In today’s competitive business climate, it’s vital for companies to have a strong brand presence, — and increasingly that means far more than merely having a static website, according to participants in the “Developing Your Brand for Online and Mobile Audiences” panel at the Milken Global Conference this week in Los Angeles.
Mike “Zappy” Zapolin, author of “Internet Warrior” and the creator of Music.com and Beer.com, led the panel. Joining him were John Battelle, CEO of Federated Media; David Liu, managing director and head of digital media and Internet for Jefferies & Company Inc.; Andrew Miller, founder of Internet Real Estate Group LLC; and Michael Steib, director of emerging platforms and TV ads for Google.
Among the key takeaways from their lively conversation:
- Think of ways to help people do what they already love. It’s really easy to build a website now, Miller said. “Now the key is how you cut through the clutter. The best websites are ones the facilitate behavior people are already engaged in,” citing the success of Internet dating sites.
- Think about how to make your product worth talking about. Brilliant marketing strategies won’t save a terrible product or service, said Steib. “If the chocolate sucks at Chocolate.com, it’s not going to work.”
- Think small – and then even smaller. Liu says the most impressive business models he’s seeing today rely on segmentation of the web. They target a specific group of power users or customers that really value the brand. He’s less bullish about businesses that try to be all things to all people.
- Think mobile. When you shift to a mobile environment, everything changes, Battelle said. The very way that we interface with the web will soon change – instead of text searches for comparison shopping, we’ll be able to just scan a bar code inside the store. “That changes the entire retail supply change,” he says. “It then means your brand has to mean something in terms of value besides price.”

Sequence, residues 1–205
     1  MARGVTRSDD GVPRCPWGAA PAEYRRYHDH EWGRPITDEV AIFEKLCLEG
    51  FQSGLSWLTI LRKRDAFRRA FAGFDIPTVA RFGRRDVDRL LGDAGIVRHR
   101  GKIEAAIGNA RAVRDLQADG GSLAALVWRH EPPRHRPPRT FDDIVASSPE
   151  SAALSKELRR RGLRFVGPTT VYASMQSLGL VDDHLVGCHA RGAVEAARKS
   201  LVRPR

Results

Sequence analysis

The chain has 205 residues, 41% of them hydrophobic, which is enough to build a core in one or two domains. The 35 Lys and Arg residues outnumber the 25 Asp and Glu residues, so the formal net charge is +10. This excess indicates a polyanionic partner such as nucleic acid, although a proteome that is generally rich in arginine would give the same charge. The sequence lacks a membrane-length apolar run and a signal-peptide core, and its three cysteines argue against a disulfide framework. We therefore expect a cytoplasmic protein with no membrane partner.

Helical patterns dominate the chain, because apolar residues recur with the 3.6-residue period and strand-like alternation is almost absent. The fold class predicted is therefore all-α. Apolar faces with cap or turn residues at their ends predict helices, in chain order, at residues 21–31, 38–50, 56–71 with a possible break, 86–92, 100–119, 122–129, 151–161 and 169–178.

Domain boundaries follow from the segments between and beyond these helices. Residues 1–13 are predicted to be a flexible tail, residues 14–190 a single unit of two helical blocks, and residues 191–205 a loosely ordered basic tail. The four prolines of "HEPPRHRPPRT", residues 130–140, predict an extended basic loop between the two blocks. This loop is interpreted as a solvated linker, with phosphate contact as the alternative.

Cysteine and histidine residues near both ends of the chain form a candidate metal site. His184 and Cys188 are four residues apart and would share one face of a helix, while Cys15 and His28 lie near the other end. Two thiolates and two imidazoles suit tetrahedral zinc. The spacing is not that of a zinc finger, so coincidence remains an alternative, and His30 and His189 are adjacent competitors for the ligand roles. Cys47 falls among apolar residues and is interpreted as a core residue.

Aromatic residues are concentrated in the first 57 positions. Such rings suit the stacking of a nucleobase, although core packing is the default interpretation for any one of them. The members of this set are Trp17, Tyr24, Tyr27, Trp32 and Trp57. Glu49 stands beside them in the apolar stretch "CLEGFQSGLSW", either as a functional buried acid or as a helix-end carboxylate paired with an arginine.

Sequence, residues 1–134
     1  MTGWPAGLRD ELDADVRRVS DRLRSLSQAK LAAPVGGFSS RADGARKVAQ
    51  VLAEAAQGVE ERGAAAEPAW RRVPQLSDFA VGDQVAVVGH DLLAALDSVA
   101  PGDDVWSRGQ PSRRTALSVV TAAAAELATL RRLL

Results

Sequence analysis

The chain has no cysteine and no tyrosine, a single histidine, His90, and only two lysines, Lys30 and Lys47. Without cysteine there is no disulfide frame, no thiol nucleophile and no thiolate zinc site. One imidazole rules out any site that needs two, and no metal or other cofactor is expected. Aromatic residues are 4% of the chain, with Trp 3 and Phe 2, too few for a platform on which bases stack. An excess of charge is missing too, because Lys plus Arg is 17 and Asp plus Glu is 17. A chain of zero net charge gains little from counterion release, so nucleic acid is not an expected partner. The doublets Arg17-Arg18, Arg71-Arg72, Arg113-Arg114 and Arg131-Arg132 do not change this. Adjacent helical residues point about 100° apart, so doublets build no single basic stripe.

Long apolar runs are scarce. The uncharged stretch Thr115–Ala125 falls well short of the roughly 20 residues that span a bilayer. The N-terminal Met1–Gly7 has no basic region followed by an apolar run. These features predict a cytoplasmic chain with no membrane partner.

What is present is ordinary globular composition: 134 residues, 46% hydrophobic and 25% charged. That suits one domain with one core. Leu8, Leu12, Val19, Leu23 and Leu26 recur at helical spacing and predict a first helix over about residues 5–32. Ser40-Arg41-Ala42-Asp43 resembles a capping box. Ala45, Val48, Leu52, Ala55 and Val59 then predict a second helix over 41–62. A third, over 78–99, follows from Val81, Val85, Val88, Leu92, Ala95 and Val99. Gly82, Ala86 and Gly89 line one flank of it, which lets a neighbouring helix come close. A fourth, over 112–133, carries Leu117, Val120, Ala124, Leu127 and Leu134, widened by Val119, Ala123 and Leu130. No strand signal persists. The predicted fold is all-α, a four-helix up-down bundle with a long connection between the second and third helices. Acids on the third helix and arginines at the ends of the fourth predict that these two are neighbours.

- Think like a millennial. Gen Y doesn’t interact with the Web in the same way as older users, Liu said — if they aren’t connected to the cloud, they felt disconnected. When they’re in a shopping mood, they don’t even search in the same way, he said. They just post it in their status on Facebook and their friends give them advice.
- Think beyond the traditional ad/content divide. Your best ad might not even look like one, Battelle said, and consumers don’t care. “As long as you like something and it ads value to your life, it doesn’t matter where it came from,” he said.
SmartBrief editor Sean McMahon sat down with “Internet Warrior” author Mike “Zappy” Zapolin after the session to discuss the next big thing in social media. Find out what he had to say.
How is your company devising its branding strategy to accommodate such a rapidly changing environment?